Switzerland Tchaikovsky: Tonhalle Orchestra, Hazel Brugger (slam poet), Lionel Bringuier (conductor), Tonhalle Zurich, 10.12.2015. (RP)
Tchaikovsky: Symphony No. 5 in E minor, Op. 64
Poetry slam, a competition where poets recite their works and are then judged by members of the audience, has been around since the 1980s. Hazel Brugger, the 2013 Swiss champion in poetry slam, appears regularly on stage, radio and television here and in Germany. The concert’s title, “Unerhört Schön, Unerhört Kurz,” was a play on words: “unerhört,” which here modifies the words for beautiful and short, can be translated as either outrageous or uncommon. Clearly the Tonhalle Zurich is seeking to attract a broader audience by mixing it up ̶ a performance by an artist with a completely different fan base, a major symphonic work and a free drink ̶ all for the relatively modest price of Swiss franc 45, which Brugger worked into her spiel. That equates to a franc per minute of music.
Her short monologue drew laughs, but for a performer with a reputation for being cutting edge, Brugger was surprising tame. Clearly bemused and a bit in awe to be on stage at the Tonhalle, she quipped that for her fans this was a rare, mobile-free zone (except for mothers who were permitted to keep theirs on vibrate). Her wit extended to the observation that she had previously assumed violoncello was the purple equivalent of Limoncello, the yellow Italian liqueur; and to word play on the Spanish resort island of Ibiza. She lighted upon topics currently making the rounds in Zurich but just mentioned them, rather than skewering anyone. Her thoughts upon whether art is nature or nurture would have been interesting to hear, but she did not go there. For those like Brugger, who self-admittedly enter the Tonhalle with a bit of trepidation, she eased them into the concert-going experience. Lionel Bringuier and the Tonhalle Orchestra took over from there.
There was nothing tame about the performance of Tchaikovsky’s Fifth Symphony that followed. The first movement opens with a theme played by the clarinet that recurs throughout the work. Tchaikovsky places great demands on the woodwinds in this symphony, and the solo playing here, as it was throughout in the various solos, duets and ensembles was superb. Superlatives are tossed about with abandon these days, but they are called for in describing the performance of the second movement. It was not that wonderful melody so beautifully introduced by the solo horn that was so remarkable, but rather the elegance and control that Bringuier exerted over the orchestra. The perfectly scaled buildup to the timpani roll introducing the main theme created a tension so intense that there was utter stillness when the playing stopped. No one even breathed. The dance-like third movement afforded a few minutes to relax before the exuberant finale. It was a completely different conductor on the podium, with Bringuier energized and slicing the air with forceful beats. The momentum called for a release, and a yelp pierced the brief pause before the reentry of the opening theme. Some have called this movement bombastic; here it was glorious.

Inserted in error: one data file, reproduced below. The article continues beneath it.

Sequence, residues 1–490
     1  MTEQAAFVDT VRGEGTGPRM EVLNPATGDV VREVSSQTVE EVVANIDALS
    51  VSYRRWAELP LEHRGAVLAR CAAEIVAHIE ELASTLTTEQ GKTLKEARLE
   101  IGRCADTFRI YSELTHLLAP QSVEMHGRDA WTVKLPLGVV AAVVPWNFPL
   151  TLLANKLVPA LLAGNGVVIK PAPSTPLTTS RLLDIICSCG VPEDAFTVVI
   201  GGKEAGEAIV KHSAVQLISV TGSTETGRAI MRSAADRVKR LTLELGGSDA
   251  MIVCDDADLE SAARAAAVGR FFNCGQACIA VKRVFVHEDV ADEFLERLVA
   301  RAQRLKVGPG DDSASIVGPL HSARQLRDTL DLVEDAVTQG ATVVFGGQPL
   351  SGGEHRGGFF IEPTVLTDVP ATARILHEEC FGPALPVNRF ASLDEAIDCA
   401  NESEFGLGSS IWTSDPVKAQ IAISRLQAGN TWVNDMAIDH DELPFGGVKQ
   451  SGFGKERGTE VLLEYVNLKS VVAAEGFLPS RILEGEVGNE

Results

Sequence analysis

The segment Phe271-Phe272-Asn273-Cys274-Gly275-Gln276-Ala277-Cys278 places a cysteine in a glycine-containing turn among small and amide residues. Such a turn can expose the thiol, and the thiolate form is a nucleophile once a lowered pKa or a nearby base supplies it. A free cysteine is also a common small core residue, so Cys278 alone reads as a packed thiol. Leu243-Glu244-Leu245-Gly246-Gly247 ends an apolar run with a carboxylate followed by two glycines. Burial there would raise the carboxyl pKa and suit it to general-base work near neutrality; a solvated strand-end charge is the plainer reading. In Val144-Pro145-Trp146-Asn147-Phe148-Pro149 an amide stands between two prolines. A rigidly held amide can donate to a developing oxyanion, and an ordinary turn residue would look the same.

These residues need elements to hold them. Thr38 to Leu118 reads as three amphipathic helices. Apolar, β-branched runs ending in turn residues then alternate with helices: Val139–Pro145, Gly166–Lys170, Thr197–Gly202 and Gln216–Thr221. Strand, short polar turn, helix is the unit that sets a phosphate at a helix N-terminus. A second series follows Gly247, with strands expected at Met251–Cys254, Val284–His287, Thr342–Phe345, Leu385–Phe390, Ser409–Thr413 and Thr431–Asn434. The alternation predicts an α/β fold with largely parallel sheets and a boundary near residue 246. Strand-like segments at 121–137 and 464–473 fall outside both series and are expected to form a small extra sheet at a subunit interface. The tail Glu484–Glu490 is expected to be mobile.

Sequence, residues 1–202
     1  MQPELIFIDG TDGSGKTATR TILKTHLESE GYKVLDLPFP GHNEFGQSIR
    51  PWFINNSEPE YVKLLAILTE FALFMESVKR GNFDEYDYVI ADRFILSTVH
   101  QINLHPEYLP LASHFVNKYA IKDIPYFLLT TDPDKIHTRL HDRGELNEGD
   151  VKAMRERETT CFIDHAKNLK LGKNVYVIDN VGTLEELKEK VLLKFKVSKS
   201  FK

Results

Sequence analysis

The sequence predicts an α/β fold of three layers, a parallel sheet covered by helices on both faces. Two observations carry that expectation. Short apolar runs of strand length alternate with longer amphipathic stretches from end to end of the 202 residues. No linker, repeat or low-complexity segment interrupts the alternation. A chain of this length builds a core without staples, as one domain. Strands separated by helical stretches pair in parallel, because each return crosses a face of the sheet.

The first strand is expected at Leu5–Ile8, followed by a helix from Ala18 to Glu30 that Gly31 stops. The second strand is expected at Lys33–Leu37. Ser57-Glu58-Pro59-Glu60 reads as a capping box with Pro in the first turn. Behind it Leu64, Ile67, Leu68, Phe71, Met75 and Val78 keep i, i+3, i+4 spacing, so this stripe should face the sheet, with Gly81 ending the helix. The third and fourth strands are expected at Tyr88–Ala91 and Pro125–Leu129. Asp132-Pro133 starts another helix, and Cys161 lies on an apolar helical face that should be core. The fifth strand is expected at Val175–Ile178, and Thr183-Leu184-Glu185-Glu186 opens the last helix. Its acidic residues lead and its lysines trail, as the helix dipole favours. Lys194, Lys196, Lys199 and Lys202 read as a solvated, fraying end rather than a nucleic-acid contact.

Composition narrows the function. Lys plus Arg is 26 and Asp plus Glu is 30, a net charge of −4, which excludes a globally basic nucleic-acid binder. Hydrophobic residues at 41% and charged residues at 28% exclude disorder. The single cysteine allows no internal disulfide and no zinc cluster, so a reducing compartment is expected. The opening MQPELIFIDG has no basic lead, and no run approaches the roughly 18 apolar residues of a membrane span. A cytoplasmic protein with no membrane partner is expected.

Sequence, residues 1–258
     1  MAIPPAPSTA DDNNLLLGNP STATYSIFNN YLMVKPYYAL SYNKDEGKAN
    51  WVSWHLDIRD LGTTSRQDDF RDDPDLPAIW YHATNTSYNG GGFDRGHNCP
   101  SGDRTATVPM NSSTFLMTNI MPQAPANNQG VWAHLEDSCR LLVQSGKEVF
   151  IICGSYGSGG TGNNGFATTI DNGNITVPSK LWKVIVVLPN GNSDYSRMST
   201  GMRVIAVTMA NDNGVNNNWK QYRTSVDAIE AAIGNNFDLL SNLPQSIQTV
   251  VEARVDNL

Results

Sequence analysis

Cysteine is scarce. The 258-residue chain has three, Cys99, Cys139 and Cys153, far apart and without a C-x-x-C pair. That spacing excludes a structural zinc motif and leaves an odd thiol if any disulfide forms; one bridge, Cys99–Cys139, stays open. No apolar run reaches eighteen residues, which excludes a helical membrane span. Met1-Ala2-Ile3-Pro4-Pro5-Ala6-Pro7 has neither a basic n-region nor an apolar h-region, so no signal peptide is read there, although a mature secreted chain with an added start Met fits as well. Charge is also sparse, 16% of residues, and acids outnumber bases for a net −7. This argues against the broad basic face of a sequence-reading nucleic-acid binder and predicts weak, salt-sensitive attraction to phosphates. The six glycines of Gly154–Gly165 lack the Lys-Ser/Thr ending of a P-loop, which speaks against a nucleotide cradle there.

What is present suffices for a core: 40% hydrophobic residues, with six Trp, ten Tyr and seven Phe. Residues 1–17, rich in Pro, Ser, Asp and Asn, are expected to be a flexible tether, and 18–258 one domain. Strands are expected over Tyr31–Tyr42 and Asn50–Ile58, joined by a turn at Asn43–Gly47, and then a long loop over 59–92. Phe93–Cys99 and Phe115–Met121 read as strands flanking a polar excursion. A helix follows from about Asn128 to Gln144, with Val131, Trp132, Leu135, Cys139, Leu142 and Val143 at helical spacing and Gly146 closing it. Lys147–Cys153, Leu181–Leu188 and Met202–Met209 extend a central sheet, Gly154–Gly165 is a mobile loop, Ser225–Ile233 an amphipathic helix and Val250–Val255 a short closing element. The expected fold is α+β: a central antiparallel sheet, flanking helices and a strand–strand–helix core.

Those melodies from Tchaikovsky’s Fifth Symphony have worked their way into movie music, popular song, theme music for television shows and even advertising jingles. That bright line between classical music and popular culture is not and never was as sharp as Brugger and others might think, but I am all for anything that breaks down the barriers, and that cuts both ways. Great art is not a citadel of the past, restricted to museums and grand concert halls. Artists need to take risks, the public and critics be damned. The next time Brugger appears at the Tonhalle, I hope that she does just that, and she need look no further than Tchaikovsky for moral support. Just read what the critics had to say about his Fifth Symphony (especially the American ones).